Such was in part the case. The close boroughs did not, in truth, introduce conscientious and scrupulous men to an attractive position in public life. The position of a member nominated to the representation of a close borough by its proprietor was a position of dependence. He was an employé. He had to vote as often as, and just as, the owner of the borough told him. If he did not do so, he might at the next election be excluded entirely from public life, or be obliged to search through the list of the borough-owners for a new patron. Even when the member for a close borough was permitted to exercise his own judgment, the public would scarcely believe that he was so. They attributed all which he did to the influence of the proprietor of his seat; and if there chanced to be an apparent difference of opinion, they were more disposed to attribute some sinister design to the owner of the borough than any substantial independence to the member for it. The votes of a nominated member were not regarded as his own, even when in fact they were so. As we might expect, persons of high character and sensitive nature shrank from this dependence. They could not endure that it should be said that they had no control over the course which they adopted in politics; the possibility of the supposition that they must vote according to the edict of some one else was nearly as odious as the having so to vote. A curious example of this inevitable tendency in men of high and susceptible natures may be found in the life of Sir Samuel Romilly. He avowedly preferred the purchase of a seat to a position in which he might

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be imagined to be dependent. He preferred to be the member for a borough which was publicly known to be commonly venal, to being the member for a borough of which a nobleman or gentleman who took a genuine interest in politics was the proprietor. He preferred its being known that he had bought his seat, to the possibility of a suspicion that he held it upon a tenure of base service. In very many cases, which cannot now be known by us, an analogous feeling must have prevented shrinking and delicate men from occupying the seats for rotten boroughs, or from associating with the great noblemen who owned them. Aristocratic patronage is never very pleasant to men of this character; and it is unendurable to them that such patronage should be the basis of their career, and an essential pre-requisite to their habitual life. Exceptional instances apart, the close boroughs were rather an obstruction than an opening to persons of original minds and delicate dispositions.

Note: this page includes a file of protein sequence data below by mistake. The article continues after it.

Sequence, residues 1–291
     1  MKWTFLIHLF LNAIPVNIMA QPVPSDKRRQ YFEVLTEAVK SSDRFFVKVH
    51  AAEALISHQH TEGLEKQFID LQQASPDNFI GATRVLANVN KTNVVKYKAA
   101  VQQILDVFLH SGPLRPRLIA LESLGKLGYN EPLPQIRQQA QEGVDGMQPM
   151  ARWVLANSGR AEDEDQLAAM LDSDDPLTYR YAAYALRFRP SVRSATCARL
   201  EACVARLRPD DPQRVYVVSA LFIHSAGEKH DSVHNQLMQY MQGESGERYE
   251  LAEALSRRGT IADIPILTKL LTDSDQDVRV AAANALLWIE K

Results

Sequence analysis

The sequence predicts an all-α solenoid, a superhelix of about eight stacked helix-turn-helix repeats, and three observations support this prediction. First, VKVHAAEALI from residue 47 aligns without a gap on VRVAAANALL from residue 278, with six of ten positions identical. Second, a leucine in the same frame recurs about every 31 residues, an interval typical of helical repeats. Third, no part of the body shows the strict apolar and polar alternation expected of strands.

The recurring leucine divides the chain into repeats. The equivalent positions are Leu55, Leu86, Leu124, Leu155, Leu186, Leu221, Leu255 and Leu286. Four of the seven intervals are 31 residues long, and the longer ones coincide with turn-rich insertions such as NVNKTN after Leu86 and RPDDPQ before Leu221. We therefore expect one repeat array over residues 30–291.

Nor was it natural that the owners of boroughs should commonly desire to introduce such men. If these proprietors had views of their own, they selected men who would give effect to those views; and these would ordinarily be men of pliant characters and unsuggestive intellects. If such proprietors had no opinion, they ordinarily put the seat up to auction in the market, and got as much money as they could get for it. Nor,

, in the few cases in which great noblemen introduced men of the highest order of minds into Parliament, and in which they treated them with tenderness and delicacy, were they by any means disposed to admit them to an equality with themselves, or with the near connections of great families. They reserved high office as much as possible for themselves, and for those who mingled by birth in their own society; and believed that they had done much in giving the opportunity of a public career and the profit of a minor place to able men of humbler station whom they had brought into the House of Commons. The Rockingham party, the best party that ever was composed of the associated proprietors of close boroughs, thus treated Mr. Burke, who was the greatest man who ever sat for a close borough. We cannot but be indignant at such conduct; we cannot help saying that it showed high-bred exclusiveness, and aristocratic narrowness of mind: but we also cannot help perceiving that it was natural. The same thing would be sure to happen again in any similar circumstances. The owners of seats inevitably believed that they were theirs; that they, and that men of their family and their station, had an evident right to enjoy whatever was most desirable in the consequences

of them. They believed that they had a right to their own, and